Managing senior-specific complications of diabetic eye disease


Confronting issues unique to aging may lead to better outcomes.

Managing senior-specific complications of diabetic eye disease

As cases of diabetes increase worldwide, the disease is accompanied by a precipitous increase in its most common complication, diabetic retinopathy (DR). At the same time, the aging population is growing, which is significant considering that the risk of developing DR increases the longer individuals live with diabetes and that the consequences of DR are unique in older patients.

In a recently published article, Dr Ashay D. Bhatwadekar and colleagues reviewed these issues to increase awareness and identify the best strategies for patient care.

“Understanding age-related retinal changes that increase vulnerability to DR in older individuals and age-related therapeutic challenges is essential for optimizing treatment of DR within the senior population,” said Dr Bhatwadekar, an associate professor of ophthalmology at the Eugene and Marilyn Glick Eye Institute, Indiana University School of Medicine, in Indianapolis.

“Proper treatment of DR in [senior patients] could reduce the overall burden of diabetes.”

Age-related retinal changes

Ashay D Bhatwakedar, PhD

Ashay D Bhatwakedar, PhD

The authors pointed out that the retinal structure is altered with age in several ways. Macular blood flow decreases by 20% on average and the retina becomes thinner, with the change in thickness especially affecting the inner nuclear layer. In addition, the response of the microglia to injury slows, Müller cells become more susceptible to oxidative stress and the extent of lipofuscin accumulation in retinal pigment epithelial cells increases.

“The changes in blood flow that occur with aging may worsen ocular perfusion abnormalities in diabetes, and proliferation of microglia in the outer retina can contribute to proinflammatory responses,” Dr Bhatwadekar said.

There are also age-related metabolic changes affecting the retina that are relevant for the development of DR. Disease-specific pathophysiologic mechanisms, such as accumulation of advanced glycation end products and the polyol pathway that contribute to oxidative stress, take advantage of the aging retina’s vulnerability that is associated with a defunct antioxidant defence system.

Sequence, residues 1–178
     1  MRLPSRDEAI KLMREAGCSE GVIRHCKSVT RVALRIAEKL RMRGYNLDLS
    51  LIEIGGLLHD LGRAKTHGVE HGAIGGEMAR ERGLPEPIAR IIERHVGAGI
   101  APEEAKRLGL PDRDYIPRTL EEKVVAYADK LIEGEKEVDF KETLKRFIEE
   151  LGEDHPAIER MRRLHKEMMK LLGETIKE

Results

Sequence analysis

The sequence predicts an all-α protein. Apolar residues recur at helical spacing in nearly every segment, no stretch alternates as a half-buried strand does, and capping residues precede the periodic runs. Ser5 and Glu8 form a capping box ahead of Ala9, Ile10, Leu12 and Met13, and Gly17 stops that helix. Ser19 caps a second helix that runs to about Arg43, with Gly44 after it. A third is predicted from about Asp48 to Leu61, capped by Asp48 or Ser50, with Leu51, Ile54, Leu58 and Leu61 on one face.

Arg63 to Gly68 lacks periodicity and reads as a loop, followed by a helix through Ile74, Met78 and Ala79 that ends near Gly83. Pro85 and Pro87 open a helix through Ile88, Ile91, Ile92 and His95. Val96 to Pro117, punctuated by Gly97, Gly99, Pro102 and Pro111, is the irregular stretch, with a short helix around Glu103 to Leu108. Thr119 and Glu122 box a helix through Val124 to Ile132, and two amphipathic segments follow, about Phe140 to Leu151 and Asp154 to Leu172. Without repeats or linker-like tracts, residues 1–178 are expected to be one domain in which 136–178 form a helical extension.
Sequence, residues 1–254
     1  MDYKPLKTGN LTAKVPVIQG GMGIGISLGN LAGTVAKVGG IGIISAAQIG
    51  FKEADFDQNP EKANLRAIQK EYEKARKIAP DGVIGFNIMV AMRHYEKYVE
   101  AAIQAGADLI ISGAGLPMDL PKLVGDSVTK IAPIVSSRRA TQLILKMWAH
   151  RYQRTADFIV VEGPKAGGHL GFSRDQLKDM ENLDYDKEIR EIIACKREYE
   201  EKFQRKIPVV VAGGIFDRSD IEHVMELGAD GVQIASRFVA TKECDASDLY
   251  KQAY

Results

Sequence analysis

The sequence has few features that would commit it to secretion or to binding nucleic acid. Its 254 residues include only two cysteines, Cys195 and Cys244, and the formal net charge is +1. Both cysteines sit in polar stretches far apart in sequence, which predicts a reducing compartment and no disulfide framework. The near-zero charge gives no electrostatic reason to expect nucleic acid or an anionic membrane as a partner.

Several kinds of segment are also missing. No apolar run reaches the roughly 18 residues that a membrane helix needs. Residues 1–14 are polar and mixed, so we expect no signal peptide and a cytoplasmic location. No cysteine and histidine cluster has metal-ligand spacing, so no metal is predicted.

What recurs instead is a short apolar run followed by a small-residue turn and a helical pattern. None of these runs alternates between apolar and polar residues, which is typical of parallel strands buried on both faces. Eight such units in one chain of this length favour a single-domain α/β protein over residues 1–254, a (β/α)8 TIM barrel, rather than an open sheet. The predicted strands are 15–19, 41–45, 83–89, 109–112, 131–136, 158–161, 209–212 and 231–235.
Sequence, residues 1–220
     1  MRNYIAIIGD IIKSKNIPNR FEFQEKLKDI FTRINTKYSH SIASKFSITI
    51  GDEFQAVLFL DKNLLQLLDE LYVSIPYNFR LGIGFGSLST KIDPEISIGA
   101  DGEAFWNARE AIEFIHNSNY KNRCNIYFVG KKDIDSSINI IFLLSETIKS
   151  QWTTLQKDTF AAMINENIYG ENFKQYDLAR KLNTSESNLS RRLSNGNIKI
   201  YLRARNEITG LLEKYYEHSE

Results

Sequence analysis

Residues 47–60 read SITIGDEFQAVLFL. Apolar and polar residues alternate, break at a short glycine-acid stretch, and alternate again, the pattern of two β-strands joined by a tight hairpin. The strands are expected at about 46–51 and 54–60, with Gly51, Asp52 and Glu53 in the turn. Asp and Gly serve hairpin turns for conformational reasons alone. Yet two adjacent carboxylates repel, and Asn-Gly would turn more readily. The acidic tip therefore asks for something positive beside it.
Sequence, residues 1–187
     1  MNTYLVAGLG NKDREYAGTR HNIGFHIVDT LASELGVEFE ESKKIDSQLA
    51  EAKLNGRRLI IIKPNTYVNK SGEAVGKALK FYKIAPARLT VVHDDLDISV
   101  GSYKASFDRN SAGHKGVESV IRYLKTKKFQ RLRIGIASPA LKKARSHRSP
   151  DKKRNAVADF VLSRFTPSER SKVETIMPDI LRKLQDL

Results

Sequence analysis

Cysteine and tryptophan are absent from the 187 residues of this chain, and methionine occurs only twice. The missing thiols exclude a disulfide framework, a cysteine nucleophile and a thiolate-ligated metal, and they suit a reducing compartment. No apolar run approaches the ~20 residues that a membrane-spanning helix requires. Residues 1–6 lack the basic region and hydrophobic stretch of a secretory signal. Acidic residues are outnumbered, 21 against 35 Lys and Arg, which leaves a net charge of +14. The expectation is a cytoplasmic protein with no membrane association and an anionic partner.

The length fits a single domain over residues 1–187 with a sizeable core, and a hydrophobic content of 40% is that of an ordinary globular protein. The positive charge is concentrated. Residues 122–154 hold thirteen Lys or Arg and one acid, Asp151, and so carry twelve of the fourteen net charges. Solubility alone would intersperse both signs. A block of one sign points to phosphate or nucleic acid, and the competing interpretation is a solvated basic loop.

In addition, the effects of the VEGF pathway, which promotes angiogenesis, vascular permeability, and inflammation, could be augmented in the eyes of elderly individuals by the presence of a decreased retinal blood flow, Dr Bhatwadekar explained.

Other DR pathogenic pathways that may be exacerbated by aging-related alterations relate to protein kinase C activation and hexosamine.

Clinical issues

Clinical studies of DR in aging individuals highlight the heightened concerns in senior patients. Not only does the prevalence of DR increase with age, but available evidence points to associations with depression and cognitive decline.

The article reviews current treatments for DR and diabetic macular oedema, including a discussion of their mechanisms and role in clinical care. In addition, summary information is presented about emerging treatments that are being investigated in both preclinical and clinical trials. These include aldose reductase inhibitors that work by inhibiting the polyol pathway, a treatment that increases expression of sirtuin 1, protein kinase C inhibition and gene therapy to introduce VEGF genes. In addition, there is interest in sodium-glucose cotransporter 2 inhibition and angiopoietin-2 inhibition.

Treatment challenges

Highlighting the therapy-related challenges occurring in the senior population, the article discusses problems with medication adherence and age-related changes in drug pharmacokinetics and pharmacodynamics.

Anatomic and physiologic changes that occur with aging and the effects of medications that are commonly used by elderly individuals can lead to decreased absorption of orally administered drugs with the potential for reduced efficacy. Thus, the need may arise to consider modifications in the dosing regimen or delivery method.

As noted in the article, an increase in proteases within the vitreous that has been noted with aging suggests there may be age-related pharmacokinetic differences in drugs administered by intravitreal injection. Changes in drug distribution within the eye also may occur, and the potential for age-related differences in systemic distribution, drug metabolism and elimination also needs to be considered when investigating medications administered via an extraocular route.

Older individuals are more prone to medication nonadherence, which should be considered in their use of oral medications and in maintaining follow-up when receiving in-office treatments for diabetic eye disease.

“In the future, it is necessary to consider all of the above factors [when] treating senior patients with DR,” Dr Bhatwadekar said. “Special programs directed toward tailoring and monitoring therapy may provide a better therapeutic outcome for [elderly patients].”


Dr Bhatwadekar is an ad hoc pharmacist at PCA Pharmacy. He reports no other relevant conflicts of interest.


Leley SP, Ciulla TA, Bhatwadekar AD. Diabetic retinopathy in the aging population: A perspective of pathogenesis and treatment. Clin Interv Aging. 2021;16:1367-1378. doi:10.2147/CIA.S297494
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